TOMS RIVER, NJ – The New Jersey Attorney General’s Office and the Department of Labor and Workforce Development are continuing their massive investigation into the inner workings of possible political corruption in Toms River. The state has not identified exactly what they are looking for or what they hope to find, but a recent 20,000 plus document subpoena from the LWD hints at possible political corruption and violations within the employment records of Toms River Township. Toms River has long been seen as a safe haven for political corruption and job dealing in return for political favors. A subpoena for data and records was sent to township Human Resources Director and Business Administrator Lou Amoruso.
A heavily redacted letter sent by the New Jersey Department of Labor and Workforce Development to the Township of Toms River sent on September 17th revealed the state is looking into the town’s employment history, tax payments, disability payments and more. The letter sent to the township was filed with NJSA requesting two years of employment, insurance and payroll records of all township employees. Despite the document being heavily redacted by the clerk’s office and the Department of Public Law, headed by pay to play attorney Gregory P. McGuckin, the redactions were easily seen in the document released through an OPRA request by Shore News Network.
The thick and heavy methane smell from the swamp gas emitting from the Downtown Toms River swamp can be detected even beyond the overpowering stench of the Ocean County landfill these days as political corruption has run rampant under the leadership of new Mayor Maurice “Mo” Hill. Hill has been involved in shady land deals, but it’s probable that the investigation into the township pre-dates Hill’s administration and could have ties to the current business administrator and political allies.
The Department of Labor requested more than 20,000 payrolls, itemized deductions, disability insurance, pay scales and other employee records.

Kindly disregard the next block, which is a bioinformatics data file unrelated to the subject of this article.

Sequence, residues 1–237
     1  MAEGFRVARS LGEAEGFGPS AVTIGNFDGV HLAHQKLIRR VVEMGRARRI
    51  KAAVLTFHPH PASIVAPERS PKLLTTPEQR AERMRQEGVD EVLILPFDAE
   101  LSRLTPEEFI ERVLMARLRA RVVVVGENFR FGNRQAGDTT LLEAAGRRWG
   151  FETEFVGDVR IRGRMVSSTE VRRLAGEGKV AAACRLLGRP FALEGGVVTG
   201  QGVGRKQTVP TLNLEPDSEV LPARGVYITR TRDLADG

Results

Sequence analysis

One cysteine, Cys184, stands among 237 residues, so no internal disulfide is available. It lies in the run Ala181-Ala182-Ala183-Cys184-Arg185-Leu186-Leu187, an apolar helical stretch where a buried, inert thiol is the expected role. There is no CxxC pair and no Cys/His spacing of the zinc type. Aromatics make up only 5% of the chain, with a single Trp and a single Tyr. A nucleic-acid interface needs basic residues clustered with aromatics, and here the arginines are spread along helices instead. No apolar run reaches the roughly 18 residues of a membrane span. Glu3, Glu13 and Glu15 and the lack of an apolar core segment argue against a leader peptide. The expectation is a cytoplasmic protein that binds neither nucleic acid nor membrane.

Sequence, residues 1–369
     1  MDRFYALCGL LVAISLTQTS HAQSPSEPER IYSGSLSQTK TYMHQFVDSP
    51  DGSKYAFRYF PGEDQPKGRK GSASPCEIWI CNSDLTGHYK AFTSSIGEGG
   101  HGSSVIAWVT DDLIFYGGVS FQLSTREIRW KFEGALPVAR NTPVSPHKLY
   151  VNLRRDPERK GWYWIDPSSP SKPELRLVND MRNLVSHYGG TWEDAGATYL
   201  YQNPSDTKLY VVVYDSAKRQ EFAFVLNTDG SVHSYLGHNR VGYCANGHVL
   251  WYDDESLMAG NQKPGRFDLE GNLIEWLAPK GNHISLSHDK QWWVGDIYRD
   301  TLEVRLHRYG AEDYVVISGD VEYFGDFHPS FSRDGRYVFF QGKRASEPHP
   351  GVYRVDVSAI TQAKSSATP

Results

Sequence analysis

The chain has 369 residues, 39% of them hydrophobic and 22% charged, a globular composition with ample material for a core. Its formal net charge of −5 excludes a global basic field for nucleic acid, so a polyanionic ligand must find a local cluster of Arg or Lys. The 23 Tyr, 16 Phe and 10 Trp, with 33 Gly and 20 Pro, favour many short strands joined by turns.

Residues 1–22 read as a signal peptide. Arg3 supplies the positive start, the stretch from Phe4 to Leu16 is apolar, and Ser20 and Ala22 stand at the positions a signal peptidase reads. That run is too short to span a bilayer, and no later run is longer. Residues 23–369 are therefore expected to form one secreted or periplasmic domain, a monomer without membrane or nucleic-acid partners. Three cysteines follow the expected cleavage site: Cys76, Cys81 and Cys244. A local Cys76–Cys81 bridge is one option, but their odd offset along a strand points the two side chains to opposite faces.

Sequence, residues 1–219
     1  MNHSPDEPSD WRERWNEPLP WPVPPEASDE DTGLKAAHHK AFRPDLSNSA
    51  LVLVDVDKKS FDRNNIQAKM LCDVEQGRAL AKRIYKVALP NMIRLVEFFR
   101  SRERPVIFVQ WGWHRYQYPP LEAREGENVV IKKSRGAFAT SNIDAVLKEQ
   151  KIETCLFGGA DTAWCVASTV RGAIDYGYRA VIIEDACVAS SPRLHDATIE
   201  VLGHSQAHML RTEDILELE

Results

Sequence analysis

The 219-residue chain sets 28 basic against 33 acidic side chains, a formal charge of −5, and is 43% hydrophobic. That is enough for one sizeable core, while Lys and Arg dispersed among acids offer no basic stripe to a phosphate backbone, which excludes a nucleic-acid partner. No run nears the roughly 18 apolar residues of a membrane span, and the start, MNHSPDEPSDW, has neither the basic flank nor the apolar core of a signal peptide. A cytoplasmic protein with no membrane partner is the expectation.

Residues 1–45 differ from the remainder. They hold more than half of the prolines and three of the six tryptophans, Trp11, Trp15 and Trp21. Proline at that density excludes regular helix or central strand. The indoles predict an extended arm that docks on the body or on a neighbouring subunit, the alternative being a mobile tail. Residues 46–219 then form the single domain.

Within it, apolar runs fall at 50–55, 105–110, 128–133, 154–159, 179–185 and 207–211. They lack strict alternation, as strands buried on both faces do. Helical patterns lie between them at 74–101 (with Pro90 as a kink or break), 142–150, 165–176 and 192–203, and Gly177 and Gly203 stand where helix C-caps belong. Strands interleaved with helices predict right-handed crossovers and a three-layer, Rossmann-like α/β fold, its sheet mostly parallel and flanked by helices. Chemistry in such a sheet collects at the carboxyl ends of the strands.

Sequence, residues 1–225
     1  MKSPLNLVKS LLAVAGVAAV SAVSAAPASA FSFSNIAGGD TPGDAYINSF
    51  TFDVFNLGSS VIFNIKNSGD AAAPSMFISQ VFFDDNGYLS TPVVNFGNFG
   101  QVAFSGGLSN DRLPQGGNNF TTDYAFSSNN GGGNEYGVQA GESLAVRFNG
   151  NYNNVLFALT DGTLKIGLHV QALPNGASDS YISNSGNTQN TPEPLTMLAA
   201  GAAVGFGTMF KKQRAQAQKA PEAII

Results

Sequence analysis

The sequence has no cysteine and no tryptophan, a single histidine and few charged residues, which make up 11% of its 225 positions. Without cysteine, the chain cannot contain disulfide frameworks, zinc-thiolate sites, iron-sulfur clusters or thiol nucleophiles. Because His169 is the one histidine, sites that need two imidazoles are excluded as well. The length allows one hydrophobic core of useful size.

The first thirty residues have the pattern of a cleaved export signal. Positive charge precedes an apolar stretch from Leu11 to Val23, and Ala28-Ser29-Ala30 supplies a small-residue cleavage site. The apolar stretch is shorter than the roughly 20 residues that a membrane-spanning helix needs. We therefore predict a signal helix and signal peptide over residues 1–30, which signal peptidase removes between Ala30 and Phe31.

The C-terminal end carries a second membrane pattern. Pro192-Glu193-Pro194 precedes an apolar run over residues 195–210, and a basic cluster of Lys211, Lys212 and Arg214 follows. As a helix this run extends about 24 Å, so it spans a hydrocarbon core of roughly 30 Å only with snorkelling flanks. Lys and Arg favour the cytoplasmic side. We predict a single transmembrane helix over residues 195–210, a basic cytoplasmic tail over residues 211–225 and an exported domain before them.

It’s not clear at this time what the DOL is investigating at this time with this unprecedented audit, but here are the ten items requested by the investigation:
- Time records, time cards, time sheets with daily and weekly hours worked by each employee of the Township of Toms River.
- Payroll records, register/journal for each pay period for all employees with gross pay, rate of pay and itemized deductions.
- Employee records – A list of all township employees during the last two years including employee’s name, address, social security numbers along with their hire and termination dates and job titles.
- Copies of township unemployment records and unemployment payment records, including canceled checks as proof of payment of unemployment insurance.
- Federal Employer Identification Number.
- Workers’ compensation, insurance company, policy numbers and effective expiration dates.
- Identification of all bank accounts and branch names, addresses of accounts help by the township for both general and payroll financial accounts.
- Company ownership information of vendors, including names, titles, home addresses and social security numbers.
- Copy of employee handbook and any records for earned sick leave, including but not limited to a notification to employees, designated benefit years, hours worked, accrued or advanced leave balances, used, earned, paid out or carried over to include medical documentation along with those personal records.
- Working papers and certificates to any minors working for the township under the age of 18 years old within the last two years.
The state gave the township until October 20th to provide the state with the requested documentation. It is unclear what the state is looking for, but the township has been under fire for unfair hiring practices, pay to play violations, nepotism, cronyism and the awarding of patronage jobs since Mayor Maurice Hill took office in January. The request is unprecedented during the COVID-19 pandemic, which could mean the DOL and Attorney General’s Office are investing a possible criminal probe into wrongdoing or corruption within the township.
This year, Mo Hill made sweeping changes in government when he fired and hired dozens of politically connected employees. Hill said the effort was to reduce staffing, but in reality, it was a smokescreen for Hill to fire and reassign township workers loyal to former Mayor Thomas Kelaher, including the hiring of New Jersey Assemblyman Gregory P. McGuckin to the newly created Department of Public Law. McGuckin donated tens of thousands of dollars to Toms River candidates over the past two election cycles, including Hill, councilmen Matt Lotano, Josh Kopp and Kevin Geohegan, in addition to Councilwoman Maria Maruca.